A genetic strategy to identify targets for the development of drugs that prevent bacterial persistence Academic Article uri icon


MeSH Major

  • Amide Synthases
  • Drug Discovery
  • Drug Tolerance
  • Gene Expression Regulation, Enzymologic
  • Mycobacterium tuberculosis
  • Tuberculosis


  • Antibacterial drug development suffers from a paucity of targets whose inhibition kills replicating and nonreplicating bacteria. The latter include phenotypically dormant cells, known as persisters, which are tolerant to many antibiotics and often contribute to failure in the treatment of chronic infections. This is nowhere more apparent than in tuberculosis caused by Mycobacterium tuberculosis, a pathogen that tolerates many antibiotics once it ceases to replicate. We developed a strategy to identify proteins that Mycobacterium tuberculosis requires to both grow and persist and whose inhibition has the potential to prevent drug tolerance and persister formation. This strategy is based on a tunable dual-control genetic switch that provides a regulatory range spanning three orders of magnitude, quickly depletes proteins in both replicating and nonreplicating mycobacteria, and exhibits increased robustness to phenotypic reversion. Using this switch, we demonstrated that depletion of the nicotinamide adenine dinucleotide synthetase (NadE) rapidly killed Mycobacterium tuberculosis under conditions of standard growth and nonreplicative persistence induced by oxygen and nutrient limitation as well as during the acute and chronic phases of infection in mice. These findings establish the dual-control switch as a robust tool with which to probe the essentiality of Mycobacterium tuberculosis proteins under different conditions, including those that induce antibiotic tolerance, and NadE as a target with the potential to shorten current tuberculosis chemotherapies.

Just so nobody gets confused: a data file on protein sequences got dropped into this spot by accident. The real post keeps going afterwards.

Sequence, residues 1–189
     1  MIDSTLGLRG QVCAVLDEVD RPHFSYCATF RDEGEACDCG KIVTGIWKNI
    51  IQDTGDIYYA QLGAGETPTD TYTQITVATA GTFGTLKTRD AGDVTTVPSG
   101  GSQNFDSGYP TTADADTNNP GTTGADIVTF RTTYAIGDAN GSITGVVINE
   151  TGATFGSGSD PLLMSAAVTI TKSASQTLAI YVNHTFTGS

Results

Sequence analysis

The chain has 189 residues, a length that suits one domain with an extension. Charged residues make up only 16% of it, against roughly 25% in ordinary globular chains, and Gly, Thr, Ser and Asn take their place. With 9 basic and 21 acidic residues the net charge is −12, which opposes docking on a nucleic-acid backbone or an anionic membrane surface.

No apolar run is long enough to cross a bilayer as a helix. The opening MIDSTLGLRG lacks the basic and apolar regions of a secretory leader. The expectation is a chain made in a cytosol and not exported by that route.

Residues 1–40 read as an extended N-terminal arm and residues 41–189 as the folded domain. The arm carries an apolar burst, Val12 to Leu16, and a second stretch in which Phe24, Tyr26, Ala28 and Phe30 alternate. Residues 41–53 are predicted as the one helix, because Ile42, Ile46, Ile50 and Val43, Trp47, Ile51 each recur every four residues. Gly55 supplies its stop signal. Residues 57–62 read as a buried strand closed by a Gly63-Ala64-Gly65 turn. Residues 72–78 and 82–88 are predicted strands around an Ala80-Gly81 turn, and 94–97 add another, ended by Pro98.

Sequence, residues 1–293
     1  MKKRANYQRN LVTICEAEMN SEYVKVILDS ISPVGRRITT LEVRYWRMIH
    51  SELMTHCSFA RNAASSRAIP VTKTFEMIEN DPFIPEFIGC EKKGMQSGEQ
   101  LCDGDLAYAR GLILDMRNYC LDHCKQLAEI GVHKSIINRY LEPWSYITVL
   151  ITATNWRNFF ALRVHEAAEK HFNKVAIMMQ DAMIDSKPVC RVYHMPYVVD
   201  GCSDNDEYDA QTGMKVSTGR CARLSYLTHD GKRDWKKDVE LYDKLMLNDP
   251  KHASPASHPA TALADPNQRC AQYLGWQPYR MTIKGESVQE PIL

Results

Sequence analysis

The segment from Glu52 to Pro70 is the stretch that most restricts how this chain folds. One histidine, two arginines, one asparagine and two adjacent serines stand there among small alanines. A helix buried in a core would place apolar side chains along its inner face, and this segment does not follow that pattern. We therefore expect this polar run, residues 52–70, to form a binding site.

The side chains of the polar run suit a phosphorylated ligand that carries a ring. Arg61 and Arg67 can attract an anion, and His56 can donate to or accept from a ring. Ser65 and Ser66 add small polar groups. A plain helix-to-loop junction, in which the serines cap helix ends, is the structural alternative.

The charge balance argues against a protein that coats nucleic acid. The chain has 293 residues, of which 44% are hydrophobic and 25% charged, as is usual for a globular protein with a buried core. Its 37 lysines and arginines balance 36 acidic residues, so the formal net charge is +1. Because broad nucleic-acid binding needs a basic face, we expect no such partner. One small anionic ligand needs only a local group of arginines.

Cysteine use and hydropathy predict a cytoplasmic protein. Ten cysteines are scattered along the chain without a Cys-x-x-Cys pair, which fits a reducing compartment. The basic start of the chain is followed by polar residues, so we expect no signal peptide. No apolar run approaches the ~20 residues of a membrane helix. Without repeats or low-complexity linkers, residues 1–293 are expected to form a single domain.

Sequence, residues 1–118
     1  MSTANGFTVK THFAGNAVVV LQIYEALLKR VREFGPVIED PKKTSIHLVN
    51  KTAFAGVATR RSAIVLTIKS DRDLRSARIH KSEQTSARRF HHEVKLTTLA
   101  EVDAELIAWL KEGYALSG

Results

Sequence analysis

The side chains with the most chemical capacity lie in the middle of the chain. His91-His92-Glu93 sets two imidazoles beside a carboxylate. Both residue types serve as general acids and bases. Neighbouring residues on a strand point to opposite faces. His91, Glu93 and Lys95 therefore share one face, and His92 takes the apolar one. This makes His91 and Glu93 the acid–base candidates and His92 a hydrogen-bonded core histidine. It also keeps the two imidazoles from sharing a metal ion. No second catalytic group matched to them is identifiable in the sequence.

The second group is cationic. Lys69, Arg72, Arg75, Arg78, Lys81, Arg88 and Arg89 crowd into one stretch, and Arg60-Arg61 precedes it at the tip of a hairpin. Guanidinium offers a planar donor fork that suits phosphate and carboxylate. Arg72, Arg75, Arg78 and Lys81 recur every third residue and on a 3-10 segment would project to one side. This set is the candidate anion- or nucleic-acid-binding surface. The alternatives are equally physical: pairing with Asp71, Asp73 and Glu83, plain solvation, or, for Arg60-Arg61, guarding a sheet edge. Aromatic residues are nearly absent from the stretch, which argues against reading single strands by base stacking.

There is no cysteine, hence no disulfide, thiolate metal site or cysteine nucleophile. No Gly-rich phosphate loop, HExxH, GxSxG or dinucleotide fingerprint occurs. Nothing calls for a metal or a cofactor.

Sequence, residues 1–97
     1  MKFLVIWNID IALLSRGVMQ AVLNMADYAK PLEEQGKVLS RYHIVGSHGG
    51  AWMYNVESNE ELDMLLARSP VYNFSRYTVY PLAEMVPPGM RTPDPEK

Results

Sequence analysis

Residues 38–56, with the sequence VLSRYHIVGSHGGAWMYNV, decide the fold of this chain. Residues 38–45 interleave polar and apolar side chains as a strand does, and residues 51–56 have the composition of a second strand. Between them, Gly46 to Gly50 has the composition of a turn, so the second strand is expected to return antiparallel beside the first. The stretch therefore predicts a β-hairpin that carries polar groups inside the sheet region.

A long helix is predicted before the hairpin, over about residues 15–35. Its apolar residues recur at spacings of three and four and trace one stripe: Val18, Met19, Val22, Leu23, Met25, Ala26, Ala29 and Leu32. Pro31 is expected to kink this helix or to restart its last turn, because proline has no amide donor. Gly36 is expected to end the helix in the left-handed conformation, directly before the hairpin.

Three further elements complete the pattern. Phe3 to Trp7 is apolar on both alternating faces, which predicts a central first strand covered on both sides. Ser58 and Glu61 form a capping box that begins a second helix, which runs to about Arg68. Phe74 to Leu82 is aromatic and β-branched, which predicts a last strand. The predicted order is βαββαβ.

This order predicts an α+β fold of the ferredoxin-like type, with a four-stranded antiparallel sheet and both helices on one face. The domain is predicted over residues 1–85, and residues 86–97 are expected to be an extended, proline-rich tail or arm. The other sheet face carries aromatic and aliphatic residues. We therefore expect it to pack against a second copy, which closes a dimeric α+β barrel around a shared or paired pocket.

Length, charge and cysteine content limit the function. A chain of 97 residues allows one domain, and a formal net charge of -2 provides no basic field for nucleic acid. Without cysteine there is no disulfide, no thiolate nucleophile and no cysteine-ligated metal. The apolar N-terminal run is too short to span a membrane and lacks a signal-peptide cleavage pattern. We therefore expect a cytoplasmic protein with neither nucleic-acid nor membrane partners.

publication date

  • November 19, 2013



  • Academic Article



  • eng

PubMed Central ID

  • PMC3839782

Digital Object Identifier (DOI)

  • 10.1073/pnas.1315860110

PubMed ID

  • 24191058

Additional Document Info

start page

  • 19095

end page

  • 100


  • 110


  • 47